Building Materials
The U.L. report goes on to note the superior fire retardant characteristics of traditional lath and plaster over modern drywall.

As drywall compound is heated it dries and falls out exposing a gap for heat to enter the wall space and ignite the paper on the back of the wallboard and the wood studs used to construct the walls. Gypsum wallboard also shrinks when heated to allow gaps around the edges of the wallboard. Plaster and lath does not have the seams that wallboard has and therefore does not allow for heat penetration as early in the fire. This change in lining material allows for easier transition from content fire to structure fire as the fire has a path into void spaces.

Too bad that hardly anyone knows how to do lath and plaster work anymore.

Traditional windows also vastly outperformed modern windows when it comes to fire safety.

The legacy window glass was held in place with putty like substance and there was room in the frame for expansion of the glass. The modern glass was fixed very tightly into the frame with an air tight gasket and metal band, to provide better thermal insulation. This configuration did not allow for much expansion and therefore stressed the glass as it heated and expanded.

Home Size
Small and tiny house proponents will be happy to hear that small is better when it comes to fire safety. The bigger the home the bigger the fire. And the increase in two story homes means fewer paths for egress and more danger for firefighters.

Conclusion
The stark truth is that a small, old house with traditional furniture is a lot safer than a modern open floor plan home with clutter and big couches. House flippers should think twice before ripping out that nice old lath and plaster wall.

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22 Comments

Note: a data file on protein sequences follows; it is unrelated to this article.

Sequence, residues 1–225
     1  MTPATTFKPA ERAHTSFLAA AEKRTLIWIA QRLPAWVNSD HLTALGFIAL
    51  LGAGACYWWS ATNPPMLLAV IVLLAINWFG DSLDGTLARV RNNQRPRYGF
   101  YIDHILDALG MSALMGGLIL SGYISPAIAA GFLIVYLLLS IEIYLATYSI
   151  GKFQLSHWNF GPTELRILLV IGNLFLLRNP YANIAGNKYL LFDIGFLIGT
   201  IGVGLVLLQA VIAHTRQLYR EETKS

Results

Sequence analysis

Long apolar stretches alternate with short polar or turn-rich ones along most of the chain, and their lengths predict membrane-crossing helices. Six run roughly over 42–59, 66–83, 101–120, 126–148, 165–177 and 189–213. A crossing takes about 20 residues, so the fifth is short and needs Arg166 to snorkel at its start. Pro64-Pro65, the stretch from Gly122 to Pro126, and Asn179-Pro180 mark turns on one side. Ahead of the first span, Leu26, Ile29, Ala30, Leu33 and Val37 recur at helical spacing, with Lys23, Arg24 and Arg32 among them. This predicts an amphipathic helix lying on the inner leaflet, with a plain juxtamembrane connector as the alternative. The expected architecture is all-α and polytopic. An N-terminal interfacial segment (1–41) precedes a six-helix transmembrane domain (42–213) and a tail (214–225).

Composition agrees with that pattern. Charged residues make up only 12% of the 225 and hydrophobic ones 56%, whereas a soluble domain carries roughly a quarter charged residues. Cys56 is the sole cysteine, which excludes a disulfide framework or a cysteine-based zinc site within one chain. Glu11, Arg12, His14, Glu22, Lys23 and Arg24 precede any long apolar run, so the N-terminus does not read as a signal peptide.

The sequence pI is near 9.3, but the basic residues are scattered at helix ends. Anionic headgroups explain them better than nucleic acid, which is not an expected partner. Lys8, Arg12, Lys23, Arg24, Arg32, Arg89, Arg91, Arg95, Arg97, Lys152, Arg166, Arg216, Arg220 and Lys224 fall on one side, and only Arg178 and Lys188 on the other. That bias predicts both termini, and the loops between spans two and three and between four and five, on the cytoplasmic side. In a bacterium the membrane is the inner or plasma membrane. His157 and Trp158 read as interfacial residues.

1. I wonder how open floor plan houses built with natural materials (cob, strawbale, clay straw, etc) fare in fire conditions.

    • Probably a lot better. You would still need to think about the roofing material, which is usually wood.

  2. My house is huge, 400 sq ft, mostly is a horrid state of disrepair. I have always wished to have the plaster and lathe board ripped out to insulate the walls. Now, I see this would be folly. I do have two rooms of sheetrock. My plan in case of a fire has been to close doors, obviously, I can. With about 15 doors between rooms, I can see how isolating the fire would be possible.

    By the way, I, too, hate open plans. When anyone does anything here, I have to fight to keep everything wood without plywood or pressed wood or whatever that nasty stuff is. I see tiny homes built of pressed wood and plywood and think of them as fire traps and places with poisonous glue off-gassing.

    I have a chair that needs upholstering. Now, I will have the upholsterer use cotton and wool, especially wool.

    • Keep that lath and plaster! And from what I understand, attic insulation is a lot more important than wall insulation.

  3. Wow. That was fascinating. And alarming–especially the video with the synthetic furniture vs natural. Holy smokes! I’m going to wander around the house taking it all in from a totally different angle today.

    • My reaction too. It’s really interesting to see architecture from the perspective of a firefighter.

  4. I knew that my love of quirky, old, cantankerous houses was justifiable! In the last few months my interest in the process of doing lath and plaster has been sparked–largely because plaster walls can be so incredibly beautiful. I’d like to learn how, beginning with some small projects around my house (mostly repairing the existing plaster walls) and possibly ending with re-plastering my kitchen. Do you have any recommendations of books on the subject?